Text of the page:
Years before the #metoo era, women like Patricia Arquette were making use of their platforms on big stages (in her case, an Oscar acceptance speech in 2015) to bring light to an unjust wage gap within the confines of Hollywood. But it took the power of Ronan Farrow’s explosive article about Weinstein a few years later to force the issue.
Has Hollywood done a better job in the years since? Some would suggest that there’s been good movement in the right direction. There’s been a growing trend to balance the pay of the talent if a project gives equal time to the female lead. So instead of the male lead getting grossly more, female leads are negotiating for much better wages and winning.
But behind the scenes, female writers and skilled workers are still largely outnumbered by their male counterparts. Some industry leaders and studios have been outspoken about balancing this out, but they say it will take time.
As for the LGBTQ and their part of gender equality, stars like Elliott Page are making progress but casting choices are still head-scratchers at times. Gay and trans actors are still asking for fair representation and wondering why straight actors are getting gay and trans roles in movies and tv.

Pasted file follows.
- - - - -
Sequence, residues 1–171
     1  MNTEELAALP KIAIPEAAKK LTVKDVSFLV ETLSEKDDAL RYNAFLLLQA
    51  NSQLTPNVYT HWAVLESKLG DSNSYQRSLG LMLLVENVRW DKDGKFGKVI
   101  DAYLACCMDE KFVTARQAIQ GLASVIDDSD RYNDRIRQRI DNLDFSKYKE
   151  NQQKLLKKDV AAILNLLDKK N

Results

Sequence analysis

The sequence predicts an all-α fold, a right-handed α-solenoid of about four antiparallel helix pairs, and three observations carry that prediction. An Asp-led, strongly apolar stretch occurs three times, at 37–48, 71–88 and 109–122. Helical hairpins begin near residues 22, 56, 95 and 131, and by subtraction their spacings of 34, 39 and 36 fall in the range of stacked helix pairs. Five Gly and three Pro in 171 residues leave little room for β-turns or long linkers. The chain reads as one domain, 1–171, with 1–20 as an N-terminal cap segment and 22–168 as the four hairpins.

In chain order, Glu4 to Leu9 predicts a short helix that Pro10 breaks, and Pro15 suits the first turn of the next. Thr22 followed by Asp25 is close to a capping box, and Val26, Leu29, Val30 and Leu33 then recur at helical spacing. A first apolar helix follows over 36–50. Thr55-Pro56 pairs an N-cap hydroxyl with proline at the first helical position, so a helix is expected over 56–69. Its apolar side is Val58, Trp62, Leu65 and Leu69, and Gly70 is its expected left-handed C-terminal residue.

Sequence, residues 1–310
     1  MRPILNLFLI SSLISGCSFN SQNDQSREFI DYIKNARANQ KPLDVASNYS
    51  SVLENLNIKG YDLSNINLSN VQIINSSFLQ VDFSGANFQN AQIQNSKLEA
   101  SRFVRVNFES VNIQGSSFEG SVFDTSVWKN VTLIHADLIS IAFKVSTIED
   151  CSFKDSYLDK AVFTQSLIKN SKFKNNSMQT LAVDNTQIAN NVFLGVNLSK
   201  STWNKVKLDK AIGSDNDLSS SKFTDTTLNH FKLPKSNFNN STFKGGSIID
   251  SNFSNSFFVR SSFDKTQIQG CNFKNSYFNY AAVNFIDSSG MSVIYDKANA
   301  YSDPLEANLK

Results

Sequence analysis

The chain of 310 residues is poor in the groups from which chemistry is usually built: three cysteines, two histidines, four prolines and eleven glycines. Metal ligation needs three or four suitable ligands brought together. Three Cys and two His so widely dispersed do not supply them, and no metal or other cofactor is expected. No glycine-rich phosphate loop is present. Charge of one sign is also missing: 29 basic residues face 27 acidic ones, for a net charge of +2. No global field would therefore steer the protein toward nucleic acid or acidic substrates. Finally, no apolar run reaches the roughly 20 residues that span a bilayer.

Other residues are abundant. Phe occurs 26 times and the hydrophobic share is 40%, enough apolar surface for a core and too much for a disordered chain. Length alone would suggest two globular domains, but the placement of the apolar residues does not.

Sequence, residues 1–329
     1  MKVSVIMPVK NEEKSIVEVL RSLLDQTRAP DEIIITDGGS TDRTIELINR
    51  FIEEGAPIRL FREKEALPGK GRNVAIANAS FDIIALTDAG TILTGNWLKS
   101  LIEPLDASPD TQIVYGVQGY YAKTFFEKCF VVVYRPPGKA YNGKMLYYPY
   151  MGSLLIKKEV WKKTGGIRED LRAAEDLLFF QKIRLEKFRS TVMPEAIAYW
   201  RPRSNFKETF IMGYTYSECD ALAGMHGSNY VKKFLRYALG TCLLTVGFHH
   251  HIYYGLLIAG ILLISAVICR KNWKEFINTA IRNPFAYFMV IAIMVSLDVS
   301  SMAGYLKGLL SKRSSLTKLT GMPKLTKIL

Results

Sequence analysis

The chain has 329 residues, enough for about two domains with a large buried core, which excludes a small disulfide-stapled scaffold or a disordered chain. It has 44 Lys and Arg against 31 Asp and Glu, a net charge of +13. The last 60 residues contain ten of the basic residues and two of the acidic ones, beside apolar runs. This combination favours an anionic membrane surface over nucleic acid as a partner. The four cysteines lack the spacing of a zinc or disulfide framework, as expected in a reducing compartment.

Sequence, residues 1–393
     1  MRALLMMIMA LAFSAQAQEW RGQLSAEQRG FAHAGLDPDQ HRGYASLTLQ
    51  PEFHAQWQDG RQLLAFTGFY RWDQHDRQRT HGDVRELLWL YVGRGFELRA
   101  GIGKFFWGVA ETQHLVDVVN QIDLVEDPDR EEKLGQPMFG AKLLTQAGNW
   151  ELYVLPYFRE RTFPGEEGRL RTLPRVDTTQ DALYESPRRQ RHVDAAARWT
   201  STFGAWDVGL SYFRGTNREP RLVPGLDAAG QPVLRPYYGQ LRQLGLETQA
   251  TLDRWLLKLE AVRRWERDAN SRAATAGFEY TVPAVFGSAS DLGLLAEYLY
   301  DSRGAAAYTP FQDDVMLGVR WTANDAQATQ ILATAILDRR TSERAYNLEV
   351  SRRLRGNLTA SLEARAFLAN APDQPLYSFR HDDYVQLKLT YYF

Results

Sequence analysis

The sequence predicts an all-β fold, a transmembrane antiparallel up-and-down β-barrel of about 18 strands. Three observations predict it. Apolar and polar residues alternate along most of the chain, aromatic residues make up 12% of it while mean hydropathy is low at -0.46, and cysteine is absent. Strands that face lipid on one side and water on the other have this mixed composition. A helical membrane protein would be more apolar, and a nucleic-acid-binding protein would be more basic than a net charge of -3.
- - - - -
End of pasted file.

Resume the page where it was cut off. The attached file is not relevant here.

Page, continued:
Photo credit: Elyssa Fahndrich
Steps To Consider For Revising Industry Ethics
Many have weighed in on how to make sure there are better practices in Hollywood that lead to equality and fair opportunities. Even Harvard Professor Alan Jenkins has provided insight into this, and we’ll look at some of those as they can also apply to fair treatment of all genders.
Jenkins first suggests that stereotypes are a big part of the problem and the industry should consider eliminating their usage. Black men are often characters that are poor, uneducated, violent, and scary. Black female characters are portrayed as crass, highly sexual, and rude.
Gay male characters are often portrayed as over-the-top, lispy, fancy, and feminine. Gay women are often portrayed as manly, and crude, or they are over-sexualized. Trans characters are portrayed often as caricatures of the real population.